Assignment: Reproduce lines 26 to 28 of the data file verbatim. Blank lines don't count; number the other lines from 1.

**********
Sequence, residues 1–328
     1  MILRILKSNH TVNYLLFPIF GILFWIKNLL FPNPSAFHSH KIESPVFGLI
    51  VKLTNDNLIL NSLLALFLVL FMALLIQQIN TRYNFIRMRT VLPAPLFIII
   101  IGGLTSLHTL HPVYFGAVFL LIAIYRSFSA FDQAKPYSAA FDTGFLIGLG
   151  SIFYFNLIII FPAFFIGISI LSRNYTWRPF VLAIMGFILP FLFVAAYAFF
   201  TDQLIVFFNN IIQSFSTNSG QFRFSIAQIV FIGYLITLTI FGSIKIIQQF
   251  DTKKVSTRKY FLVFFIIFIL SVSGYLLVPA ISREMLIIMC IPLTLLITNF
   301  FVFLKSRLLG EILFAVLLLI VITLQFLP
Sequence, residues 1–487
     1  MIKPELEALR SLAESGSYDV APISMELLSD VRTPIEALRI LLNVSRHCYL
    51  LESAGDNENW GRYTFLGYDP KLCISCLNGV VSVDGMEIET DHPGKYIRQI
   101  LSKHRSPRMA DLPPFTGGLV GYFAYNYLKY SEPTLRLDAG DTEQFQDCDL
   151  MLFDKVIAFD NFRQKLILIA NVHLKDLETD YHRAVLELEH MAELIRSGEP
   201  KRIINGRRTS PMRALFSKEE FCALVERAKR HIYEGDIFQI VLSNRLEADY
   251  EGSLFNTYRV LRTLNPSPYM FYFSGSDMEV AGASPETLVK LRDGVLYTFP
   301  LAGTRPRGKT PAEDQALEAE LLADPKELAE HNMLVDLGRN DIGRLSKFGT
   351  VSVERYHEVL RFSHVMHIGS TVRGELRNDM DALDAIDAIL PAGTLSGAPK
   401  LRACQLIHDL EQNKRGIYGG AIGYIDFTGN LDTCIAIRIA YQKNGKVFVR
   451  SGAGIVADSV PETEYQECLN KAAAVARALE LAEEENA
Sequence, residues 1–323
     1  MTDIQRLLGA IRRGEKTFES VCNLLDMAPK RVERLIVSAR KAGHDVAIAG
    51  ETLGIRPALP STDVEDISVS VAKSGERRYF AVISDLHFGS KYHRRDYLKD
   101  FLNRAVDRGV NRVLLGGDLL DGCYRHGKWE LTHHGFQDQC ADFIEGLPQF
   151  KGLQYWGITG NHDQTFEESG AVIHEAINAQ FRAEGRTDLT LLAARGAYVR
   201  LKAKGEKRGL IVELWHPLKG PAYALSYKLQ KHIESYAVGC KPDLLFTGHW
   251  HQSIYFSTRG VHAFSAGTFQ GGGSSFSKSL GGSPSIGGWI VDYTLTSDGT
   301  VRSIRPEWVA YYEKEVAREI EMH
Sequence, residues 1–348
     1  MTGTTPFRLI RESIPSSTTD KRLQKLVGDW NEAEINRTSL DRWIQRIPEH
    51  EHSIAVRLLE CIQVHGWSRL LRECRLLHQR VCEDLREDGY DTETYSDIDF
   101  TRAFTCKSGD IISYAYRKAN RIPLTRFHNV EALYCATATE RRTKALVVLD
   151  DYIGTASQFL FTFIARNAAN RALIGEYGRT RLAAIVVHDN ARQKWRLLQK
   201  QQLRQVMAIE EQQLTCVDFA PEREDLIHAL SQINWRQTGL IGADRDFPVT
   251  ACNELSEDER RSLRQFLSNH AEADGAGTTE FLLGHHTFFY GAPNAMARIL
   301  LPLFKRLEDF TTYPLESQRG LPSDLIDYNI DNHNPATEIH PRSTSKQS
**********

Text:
   251  HQSIYFSTRG VHAFSAGTFQ GGGSSFSKSL GGSPSIGGWI VDYTLTSDGT
   301  VRSIRPEWVA YYEKEVAREI EMH
Sequence, residues 1–348